About the Nesbitt Group
The Nesbitt Laboratory pursues research in four main areas:
- High resolution laser spectroscopy of radicals, ions and molecular ion clusters
- Chemical Reaction Dynamics: Gas-Liquid
- Quantum nanostructures and photonic nanomaterials
- Single Molecule Biophysics: Microscopy, Kinetics and Thermodynamics
The group's work involves extensive use of state-of-the art cw and ultrafast pulsed laser technology, nonlinear generation of tunable mid and near-infrared laser light, fast analog electronics, scan probe methods, confocal microscopy, servo-loop control, shaped supersonic expansions, plasma discharges, kinetic analysis and quantum theoretical calculations. A central unifying goal of the research program is the elucidation of fundamental kinetics and dynamics of elementary chemical/biophysical processes from both experimental and theoretical perspectives.
Professor Nesbitt is a Fellow of JILA; a Physicist at the National Institute of Standards and Technology (NIST); a Full Professor in both the Department of Chemistry and Biochemistry and in the Department of Physics.
In the Spotlight
Every year, the Czech Science Foundation (GCAR) funds several JUNIOR STAR projects focused on new research areas and building powerful collaborative teams. These projects are awarded to early-career scientists coming to the Czech Republic from other countries or with significant international experience. Each project is awarded CZK 25 million over the following five years.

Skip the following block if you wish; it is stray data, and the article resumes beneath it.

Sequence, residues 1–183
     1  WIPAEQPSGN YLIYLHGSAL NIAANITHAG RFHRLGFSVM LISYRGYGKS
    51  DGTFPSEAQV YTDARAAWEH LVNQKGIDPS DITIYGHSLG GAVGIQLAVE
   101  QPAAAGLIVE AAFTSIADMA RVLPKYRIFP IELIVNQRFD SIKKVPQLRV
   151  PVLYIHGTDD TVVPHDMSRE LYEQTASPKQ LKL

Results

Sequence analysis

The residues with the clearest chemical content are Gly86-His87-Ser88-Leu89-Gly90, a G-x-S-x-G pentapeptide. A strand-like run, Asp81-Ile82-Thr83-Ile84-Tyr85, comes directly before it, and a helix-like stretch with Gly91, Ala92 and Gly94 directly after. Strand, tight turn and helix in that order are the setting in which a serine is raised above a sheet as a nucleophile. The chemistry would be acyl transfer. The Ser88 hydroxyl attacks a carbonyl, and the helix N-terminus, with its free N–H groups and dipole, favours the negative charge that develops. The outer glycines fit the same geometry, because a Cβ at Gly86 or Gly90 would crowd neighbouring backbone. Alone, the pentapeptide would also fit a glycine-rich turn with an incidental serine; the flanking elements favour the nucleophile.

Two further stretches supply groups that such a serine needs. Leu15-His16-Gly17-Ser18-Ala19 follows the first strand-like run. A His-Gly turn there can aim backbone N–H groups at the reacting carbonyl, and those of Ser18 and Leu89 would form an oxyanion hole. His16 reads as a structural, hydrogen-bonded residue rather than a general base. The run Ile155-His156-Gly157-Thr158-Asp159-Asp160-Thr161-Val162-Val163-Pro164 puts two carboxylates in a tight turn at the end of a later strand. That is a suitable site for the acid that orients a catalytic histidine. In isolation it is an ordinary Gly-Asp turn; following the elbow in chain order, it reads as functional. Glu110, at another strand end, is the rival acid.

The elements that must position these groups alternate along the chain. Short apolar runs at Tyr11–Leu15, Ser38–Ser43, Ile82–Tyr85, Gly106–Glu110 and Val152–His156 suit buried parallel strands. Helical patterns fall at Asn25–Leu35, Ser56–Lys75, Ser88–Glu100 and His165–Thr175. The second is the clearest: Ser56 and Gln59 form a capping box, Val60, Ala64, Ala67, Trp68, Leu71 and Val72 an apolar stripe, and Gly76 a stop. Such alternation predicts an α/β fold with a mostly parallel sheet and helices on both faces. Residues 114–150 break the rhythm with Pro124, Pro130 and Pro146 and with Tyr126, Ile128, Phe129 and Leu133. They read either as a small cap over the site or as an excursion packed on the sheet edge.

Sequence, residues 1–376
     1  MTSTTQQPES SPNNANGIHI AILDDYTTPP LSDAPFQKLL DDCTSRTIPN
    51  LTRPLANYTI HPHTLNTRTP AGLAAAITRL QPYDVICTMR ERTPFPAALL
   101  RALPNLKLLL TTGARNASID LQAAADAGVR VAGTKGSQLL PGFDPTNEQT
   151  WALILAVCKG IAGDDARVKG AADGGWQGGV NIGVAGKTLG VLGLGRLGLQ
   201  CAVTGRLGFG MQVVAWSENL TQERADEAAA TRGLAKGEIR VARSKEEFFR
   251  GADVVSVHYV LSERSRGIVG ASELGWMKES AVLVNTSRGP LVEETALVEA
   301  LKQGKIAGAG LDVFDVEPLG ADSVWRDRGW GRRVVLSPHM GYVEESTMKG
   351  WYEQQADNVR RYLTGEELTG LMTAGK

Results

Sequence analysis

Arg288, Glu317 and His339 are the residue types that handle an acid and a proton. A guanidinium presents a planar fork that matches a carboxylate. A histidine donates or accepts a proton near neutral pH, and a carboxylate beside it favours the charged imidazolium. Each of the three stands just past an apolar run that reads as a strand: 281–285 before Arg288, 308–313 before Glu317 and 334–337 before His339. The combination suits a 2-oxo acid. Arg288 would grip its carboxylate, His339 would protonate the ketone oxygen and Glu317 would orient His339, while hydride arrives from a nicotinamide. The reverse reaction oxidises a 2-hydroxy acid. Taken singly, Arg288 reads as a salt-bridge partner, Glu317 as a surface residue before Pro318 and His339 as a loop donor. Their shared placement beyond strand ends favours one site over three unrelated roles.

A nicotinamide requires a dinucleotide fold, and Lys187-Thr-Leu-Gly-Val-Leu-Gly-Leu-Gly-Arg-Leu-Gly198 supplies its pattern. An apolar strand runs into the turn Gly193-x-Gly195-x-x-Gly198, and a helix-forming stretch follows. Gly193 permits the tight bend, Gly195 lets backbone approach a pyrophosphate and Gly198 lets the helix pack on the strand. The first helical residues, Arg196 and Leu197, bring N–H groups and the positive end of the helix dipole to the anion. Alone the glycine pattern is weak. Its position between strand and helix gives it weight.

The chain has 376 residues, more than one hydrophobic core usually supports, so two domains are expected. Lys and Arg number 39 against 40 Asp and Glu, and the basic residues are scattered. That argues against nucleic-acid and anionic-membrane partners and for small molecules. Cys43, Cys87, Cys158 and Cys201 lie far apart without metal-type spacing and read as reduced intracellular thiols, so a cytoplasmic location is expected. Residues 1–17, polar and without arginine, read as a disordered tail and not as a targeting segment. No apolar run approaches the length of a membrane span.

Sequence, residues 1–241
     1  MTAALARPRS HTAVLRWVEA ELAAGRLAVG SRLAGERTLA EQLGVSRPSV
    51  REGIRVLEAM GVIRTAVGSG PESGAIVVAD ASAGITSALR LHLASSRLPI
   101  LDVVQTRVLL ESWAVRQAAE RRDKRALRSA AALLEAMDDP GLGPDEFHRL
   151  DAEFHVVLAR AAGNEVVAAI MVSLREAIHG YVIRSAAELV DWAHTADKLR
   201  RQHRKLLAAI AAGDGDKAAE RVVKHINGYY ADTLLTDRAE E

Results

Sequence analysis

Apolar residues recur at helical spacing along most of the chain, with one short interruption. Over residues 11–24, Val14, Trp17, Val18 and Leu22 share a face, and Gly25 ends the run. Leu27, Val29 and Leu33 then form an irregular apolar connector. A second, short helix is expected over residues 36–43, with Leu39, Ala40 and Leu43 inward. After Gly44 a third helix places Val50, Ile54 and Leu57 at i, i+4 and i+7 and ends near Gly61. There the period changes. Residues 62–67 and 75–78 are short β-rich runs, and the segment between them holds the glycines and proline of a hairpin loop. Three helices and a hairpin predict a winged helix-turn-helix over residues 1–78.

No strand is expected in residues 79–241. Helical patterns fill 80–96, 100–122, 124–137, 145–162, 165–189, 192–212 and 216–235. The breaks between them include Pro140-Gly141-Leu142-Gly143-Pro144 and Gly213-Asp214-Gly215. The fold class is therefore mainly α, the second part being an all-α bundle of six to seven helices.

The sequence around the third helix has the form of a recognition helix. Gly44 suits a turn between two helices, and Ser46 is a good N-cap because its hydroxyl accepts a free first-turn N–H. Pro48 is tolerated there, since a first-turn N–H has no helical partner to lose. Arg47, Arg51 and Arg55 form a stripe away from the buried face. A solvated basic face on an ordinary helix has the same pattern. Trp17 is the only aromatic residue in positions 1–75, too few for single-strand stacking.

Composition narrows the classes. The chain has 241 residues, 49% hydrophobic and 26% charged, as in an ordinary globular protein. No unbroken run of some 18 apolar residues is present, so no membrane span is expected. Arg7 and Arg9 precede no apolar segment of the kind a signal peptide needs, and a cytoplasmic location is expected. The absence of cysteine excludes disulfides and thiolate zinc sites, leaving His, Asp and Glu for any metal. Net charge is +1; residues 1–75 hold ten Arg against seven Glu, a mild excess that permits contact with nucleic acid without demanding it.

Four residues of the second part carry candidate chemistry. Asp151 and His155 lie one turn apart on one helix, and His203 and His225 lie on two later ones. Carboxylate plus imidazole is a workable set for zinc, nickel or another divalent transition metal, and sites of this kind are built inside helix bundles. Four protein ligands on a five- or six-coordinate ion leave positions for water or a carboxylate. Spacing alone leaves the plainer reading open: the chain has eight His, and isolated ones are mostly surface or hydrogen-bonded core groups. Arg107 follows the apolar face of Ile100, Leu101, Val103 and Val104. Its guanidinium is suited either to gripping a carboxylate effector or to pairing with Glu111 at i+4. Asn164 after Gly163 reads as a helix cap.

This year, JILA postdoctoral researcher Vít Svoboda is one of the 17 awardees in the 2023 JUNIOR STAR cohort.
JILA and NIST Fellows David Nesbitt's and Jun Ye's recent results in their breathalyzer study have been highlighted in a new article in Scientific American. Using frequency combs, a particular type of laser array, scientists could detect specific molecules in the breath, including diseases like COVID-19. This research suggests huge implications for the future of disease diagnosis and prevention.
JILA and NIST Fellows Jun Ye and David Nesbitt, along with their respective teams, have recently been highlighted in the latest issue of the SPIE Photonics West Show Daily, a publication from SPIE. This highlight focuses on the recent advancements in the frequency comb breathalyzer apparatus that the researchers have built and tested, which looks at diagnosing COVID-19 and other diseases.
The American Chemical Society (ACS) has awarded David Nesbitt the 2017 E. Bright Wilson Award in Spectroscopy. The award, sponsored by the ACS Division of Physical Chemistry, recognizes outstanding accomplishments in fundamental or applied spectroscopy in chemistry. It consists of $5,000 and a certificate.